Israeli Apartheid Week Heats Up

Israeli Apartheid Week Heats Up

Samara Greenberg

The Sixth Annual Israeli Apartheid Week is now in full swing. The week, which takes place over 14 days (March 1-14, 2010), aims “to educate people about the nature of Israel as an apartheid system and to build Boycott, Divestment, and Sanctions (BDS) campaigns as part of a growing global BDS movement,” according to the event’s official website. Events will be held in 40 major cities across the globe, including Beirut, Boston, London, Montreal, Copenhagen, San Francisco, Johannesburg, Hebron, New York, and more.

Apartheid Week, whose name implies a moral equivalence between Israel and apartheid South Africa, aims to discredit Israel in the international community, and has understandably raised serious concerns within the Jewish community. Tellingly, the organizers do not address the peace process at all, rather they are “devoted to the demonization of Israel.” Various pro-Israel organizations have come out in support of the country, including Aish HaTorah, whose Hasbara Fellowship graduates founded Israel Peace Week. The program runs concurrently with Israel Apartheid Week on 40 campuses in North America and Australia.

In Canada, where Apartheid Week began six years ago, politicians are denouncing the event. The city of Edmonton’s MP is calling on the House of Commons to recognize that Israeli Apartheid Week “expedites anti-Semitism.” His proposed motion states: “That this House considers itself to be a friend of the State of Israel; that this House is concerned about expressions of anti-Semitism under the guise of “Israeli Apartheid Week”; and that this House explicitly condemns any action in Canada as well as internationally that would equate the State of Israel with the rejected and racist policy of apartheid.” Interestingly, the motion may cross partisan lines. According to Federal leader Michael Ignatieff, “The very premise of Israeli Apartheid Week runs counter to our shared values of mutual respect and tolerance, regardless of nationality, race or creed. It is an attempt to heighten the tensions in our communities around the tragic conflict in the Middle East.”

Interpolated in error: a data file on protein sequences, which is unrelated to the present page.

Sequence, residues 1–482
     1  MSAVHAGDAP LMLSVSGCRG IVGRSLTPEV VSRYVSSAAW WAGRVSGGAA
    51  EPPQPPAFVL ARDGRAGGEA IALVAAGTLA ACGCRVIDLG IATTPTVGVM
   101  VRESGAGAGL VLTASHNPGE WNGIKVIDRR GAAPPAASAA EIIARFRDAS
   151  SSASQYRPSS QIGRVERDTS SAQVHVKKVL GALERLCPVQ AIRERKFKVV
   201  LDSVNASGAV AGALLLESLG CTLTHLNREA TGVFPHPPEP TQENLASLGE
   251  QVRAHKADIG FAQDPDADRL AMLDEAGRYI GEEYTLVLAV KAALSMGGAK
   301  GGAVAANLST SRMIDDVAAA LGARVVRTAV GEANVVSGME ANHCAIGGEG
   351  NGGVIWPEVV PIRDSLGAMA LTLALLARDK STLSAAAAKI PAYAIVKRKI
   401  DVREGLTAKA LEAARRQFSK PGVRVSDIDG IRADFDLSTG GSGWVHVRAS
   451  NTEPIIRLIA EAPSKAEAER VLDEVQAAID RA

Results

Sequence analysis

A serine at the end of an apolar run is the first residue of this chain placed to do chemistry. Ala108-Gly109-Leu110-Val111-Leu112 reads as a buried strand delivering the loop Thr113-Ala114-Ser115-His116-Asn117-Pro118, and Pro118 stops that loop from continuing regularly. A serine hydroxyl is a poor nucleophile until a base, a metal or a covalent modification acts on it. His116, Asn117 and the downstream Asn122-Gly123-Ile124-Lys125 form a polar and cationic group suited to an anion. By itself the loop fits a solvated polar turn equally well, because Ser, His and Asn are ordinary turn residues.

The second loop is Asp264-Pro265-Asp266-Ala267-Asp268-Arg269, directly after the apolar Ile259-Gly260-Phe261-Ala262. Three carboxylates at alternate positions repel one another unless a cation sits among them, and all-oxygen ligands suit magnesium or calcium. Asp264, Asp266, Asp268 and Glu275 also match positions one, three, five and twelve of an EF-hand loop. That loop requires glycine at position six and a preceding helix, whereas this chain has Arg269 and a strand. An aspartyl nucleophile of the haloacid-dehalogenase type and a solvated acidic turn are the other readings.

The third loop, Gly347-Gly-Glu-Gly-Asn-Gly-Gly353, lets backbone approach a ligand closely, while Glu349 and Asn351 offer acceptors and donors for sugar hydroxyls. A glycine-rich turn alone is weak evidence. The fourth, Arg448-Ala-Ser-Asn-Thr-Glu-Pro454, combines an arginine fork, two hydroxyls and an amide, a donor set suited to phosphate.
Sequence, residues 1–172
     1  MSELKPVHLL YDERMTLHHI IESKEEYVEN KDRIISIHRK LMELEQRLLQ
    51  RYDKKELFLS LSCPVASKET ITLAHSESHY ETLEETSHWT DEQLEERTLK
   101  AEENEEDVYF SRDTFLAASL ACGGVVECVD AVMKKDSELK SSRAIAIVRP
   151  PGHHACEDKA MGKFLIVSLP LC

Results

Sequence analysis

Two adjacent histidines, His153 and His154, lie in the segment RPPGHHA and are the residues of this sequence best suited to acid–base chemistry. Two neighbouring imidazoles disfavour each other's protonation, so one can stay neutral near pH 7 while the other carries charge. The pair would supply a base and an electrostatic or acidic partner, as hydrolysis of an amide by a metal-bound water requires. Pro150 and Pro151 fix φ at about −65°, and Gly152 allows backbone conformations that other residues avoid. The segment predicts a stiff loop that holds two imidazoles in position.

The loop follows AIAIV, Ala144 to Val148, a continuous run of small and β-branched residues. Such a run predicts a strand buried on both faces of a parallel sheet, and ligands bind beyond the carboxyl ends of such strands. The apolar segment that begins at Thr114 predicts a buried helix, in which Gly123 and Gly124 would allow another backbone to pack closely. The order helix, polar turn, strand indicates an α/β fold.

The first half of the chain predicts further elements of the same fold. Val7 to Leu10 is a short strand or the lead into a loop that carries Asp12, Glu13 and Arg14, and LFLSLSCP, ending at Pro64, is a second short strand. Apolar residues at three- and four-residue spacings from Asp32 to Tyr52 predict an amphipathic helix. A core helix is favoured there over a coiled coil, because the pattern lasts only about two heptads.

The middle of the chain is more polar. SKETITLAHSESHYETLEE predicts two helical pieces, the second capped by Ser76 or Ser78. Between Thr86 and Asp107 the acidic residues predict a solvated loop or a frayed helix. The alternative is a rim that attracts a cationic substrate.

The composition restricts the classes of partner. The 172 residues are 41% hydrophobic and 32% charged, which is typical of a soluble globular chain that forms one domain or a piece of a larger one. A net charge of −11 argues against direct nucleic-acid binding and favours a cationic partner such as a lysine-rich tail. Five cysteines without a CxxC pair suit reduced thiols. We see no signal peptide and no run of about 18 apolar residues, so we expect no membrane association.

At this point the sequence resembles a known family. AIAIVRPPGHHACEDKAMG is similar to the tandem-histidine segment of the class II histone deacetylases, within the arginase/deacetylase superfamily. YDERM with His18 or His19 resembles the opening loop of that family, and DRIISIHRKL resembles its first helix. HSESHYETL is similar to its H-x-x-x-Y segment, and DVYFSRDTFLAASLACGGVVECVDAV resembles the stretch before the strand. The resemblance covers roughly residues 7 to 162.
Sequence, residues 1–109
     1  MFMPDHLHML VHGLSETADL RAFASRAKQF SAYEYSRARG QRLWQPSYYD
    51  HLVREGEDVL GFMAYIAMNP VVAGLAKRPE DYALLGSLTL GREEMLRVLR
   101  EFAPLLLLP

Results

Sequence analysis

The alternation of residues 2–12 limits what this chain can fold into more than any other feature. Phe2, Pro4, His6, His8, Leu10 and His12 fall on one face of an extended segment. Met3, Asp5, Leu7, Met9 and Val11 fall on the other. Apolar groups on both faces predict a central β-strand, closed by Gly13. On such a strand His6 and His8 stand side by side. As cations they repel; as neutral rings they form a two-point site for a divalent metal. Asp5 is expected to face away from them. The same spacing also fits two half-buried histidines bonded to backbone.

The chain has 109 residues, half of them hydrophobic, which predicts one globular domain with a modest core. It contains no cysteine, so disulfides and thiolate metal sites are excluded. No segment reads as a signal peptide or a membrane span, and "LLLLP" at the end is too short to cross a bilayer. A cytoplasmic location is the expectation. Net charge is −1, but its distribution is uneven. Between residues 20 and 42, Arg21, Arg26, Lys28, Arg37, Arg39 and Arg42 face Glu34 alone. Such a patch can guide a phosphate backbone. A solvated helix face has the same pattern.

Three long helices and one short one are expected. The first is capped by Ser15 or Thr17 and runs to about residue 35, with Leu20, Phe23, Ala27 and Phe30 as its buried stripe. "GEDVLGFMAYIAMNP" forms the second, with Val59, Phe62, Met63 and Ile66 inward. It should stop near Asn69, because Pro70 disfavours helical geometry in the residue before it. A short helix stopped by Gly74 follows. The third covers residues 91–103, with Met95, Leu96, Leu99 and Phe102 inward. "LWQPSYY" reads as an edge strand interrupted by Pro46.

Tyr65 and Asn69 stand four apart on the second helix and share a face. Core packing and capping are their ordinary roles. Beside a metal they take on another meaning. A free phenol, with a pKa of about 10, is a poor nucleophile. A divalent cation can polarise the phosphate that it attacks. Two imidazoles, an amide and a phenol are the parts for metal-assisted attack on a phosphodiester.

In response to Apartheid Week, Israel’s former ambassador to the UN Dore Gold asks: “What – if anything – makes the Israeli case similar to South Africa?” Nothing. “In apartheid South Africa (1948-1994), blacks were not allowed to vote or to be candidates in the general elections, they could not attend white universities or be treated in white hospitals, and they were forcibly removed from white cities…Israeli Arabs vote for the Knesset…there are Israeli Arab Knesset members, who also serve as deputy speakers of Israel’s parliament; an Israeli Arab judge sits on Israel’s Supreme Court; Israeli Arabs study in all Israeli universities and there are mixed Arab-Jewish cities.” As Gold concludes, “Israel Apartheid Week is not about respect for human rights; it is an incredibly hypocritical initiative that ignores the apartheid practiced by the Palestinians themselves, who make the sale of land to Jews punishable by death. It is also not a movement dedicated to making peace, but rather to denying the historical rights of the Jewish people.”